I'm doing some writing on/about assessment practices at the moment and relating it to some of my findings from my PhD research...
So rather than a 15k word essay I'm going to use the Tiny URL approach and condense the key issues into a series a posts.
To start the series, it feels appropriate to position my thoughts, in an attempt to outline where these posts may lead...
For those readers of this blog that also follow my social networking status (Facebook, Twitter etc) - you're already aware that I've been recently drowning in mounds of assignments and marking, marking, marking. How has this impacted on approach to assessment? Well... that's exactly why I'm compelled to start writing this series!
To get the ball rolling... this excerpt from David Boud and Nancy Falchikov (2007, p.3) provides a useful starting point:
"Assessment frames students' views of higher education. It is also a major concern and burden for those teaching them...
[ABB: yep - that's me!]
Assessment, rather than teaching, has a major influence on students' learning. It directs attention to what is important. It acts as an incentive for study.
[ABB: how many times do you hear the question: is this in the exam? Is this part of the assignment?]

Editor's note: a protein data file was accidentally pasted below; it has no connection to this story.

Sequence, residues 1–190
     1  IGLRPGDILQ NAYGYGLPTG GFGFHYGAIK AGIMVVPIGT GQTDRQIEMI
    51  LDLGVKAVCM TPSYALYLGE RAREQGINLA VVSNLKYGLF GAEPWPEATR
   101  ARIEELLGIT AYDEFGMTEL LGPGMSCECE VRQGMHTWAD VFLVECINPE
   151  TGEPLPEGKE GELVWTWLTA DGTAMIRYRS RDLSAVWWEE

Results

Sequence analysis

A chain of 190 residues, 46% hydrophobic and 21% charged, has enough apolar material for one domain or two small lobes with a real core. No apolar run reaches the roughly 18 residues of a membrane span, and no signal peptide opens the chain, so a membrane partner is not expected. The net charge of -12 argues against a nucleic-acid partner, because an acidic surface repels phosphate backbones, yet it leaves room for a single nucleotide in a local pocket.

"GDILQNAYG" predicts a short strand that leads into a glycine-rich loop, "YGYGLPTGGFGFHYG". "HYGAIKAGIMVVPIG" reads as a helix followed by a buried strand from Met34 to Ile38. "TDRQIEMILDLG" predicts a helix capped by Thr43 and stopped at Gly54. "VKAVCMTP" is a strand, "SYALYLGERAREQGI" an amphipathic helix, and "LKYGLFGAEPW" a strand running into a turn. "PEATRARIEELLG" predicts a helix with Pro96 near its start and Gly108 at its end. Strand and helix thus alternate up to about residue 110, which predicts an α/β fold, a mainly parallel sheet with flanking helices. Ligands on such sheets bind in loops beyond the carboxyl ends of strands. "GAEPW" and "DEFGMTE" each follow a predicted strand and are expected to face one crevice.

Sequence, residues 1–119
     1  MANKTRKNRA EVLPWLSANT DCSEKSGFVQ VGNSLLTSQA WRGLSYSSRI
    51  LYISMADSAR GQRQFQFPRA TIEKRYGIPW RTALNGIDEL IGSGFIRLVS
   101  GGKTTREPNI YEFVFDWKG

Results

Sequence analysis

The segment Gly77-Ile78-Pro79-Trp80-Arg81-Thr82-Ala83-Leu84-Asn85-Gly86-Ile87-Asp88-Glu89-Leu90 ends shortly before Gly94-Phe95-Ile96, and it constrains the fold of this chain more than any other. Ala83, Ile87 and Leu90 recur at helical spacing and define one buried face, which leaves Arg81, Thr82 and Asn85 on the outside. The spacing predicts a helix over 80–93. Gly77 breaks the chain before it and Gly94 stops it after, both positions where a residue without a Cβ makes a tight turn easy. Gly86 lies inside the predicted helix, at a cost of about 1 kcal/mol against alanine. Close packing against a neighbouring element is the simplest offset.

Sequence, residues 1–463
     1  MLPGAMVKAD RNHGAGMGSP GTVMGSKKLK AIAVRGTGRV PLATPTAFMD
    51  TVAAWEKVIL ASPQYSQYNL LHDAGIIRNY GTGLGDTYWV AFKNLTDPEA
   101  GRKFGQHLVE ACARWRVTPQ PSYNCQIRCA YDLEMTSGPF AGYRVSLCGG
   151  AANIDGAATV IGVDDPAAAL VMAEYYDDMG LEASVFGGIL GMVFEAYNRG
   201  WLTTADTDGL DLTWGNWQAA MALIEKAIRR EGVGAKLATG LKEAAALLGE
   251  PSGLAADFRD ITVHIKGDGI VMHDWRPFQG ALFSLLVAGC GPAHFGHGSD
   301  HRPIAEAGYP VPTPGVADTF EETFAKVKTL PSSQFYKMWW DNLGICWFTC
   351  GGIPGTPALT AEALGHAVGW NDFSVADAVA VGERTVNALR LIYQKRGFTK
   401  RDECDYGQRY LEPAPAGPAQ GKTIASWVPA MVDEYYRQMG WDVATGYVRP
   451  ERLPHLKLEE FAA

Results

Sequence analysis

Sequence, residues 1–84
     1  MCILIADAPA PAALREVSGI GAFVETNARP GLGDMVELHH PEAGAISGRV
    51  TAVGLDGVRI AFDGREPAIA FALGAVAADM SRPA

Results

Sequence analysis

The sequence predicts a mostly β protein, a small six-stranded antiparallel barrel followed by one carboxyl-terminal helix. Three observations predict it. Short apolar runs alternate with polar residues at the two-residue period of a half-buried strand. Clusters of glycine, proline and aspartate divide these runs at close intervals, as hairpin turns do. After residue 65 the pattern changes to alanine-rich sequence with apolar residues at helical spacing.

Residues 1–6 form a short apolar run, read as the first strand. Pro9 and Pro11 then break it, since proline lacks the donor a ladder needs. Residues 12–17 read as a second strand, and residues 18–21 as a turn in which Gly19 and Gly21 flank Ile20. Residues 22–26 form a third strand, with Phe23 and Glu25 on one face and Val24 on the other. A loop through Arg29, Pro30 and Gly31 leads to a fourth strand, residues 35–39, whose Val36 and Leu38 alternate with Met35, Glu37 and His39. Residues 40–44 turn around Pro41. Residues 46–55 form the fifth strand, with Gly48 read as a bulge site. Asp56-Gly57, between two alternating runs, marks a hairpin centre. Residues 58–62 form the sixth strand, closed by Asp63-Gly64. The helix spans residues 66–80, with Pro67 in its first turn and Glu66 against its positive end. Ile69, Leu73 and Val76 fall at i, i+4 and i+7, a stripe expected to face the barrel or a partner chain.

Assessment also communicates to them what they can and cannot succeed in doing. For some it builds confidence for their future work; for others, it shows how inadequate they are as learners and undermines their confidence...
Assessment would be less of a problem if we could be assured that what occurs under the guise of assessment appropriately influenced student learning. However, when we look at the content and approaches used in the dominant assessment practices in higher education, we find that they are often focussed on students demonstrating current knowledge, generating material for grading and getting (often inadequate) feedback from teachers.... "
So, that's the starting point - my next posts will look at the What (is assessment)?, What is a deadline?, Why (assess)?, How (to re-frame our assessment practices)?, Designing assessment... and perhaps a few more in-between!
Any thoughts or feedback would be welcomed!
Boud, D. & Falchikov, N. 2007, Rethinking Assessment in Higher Education: Learning for the longer term, Routledge, London.
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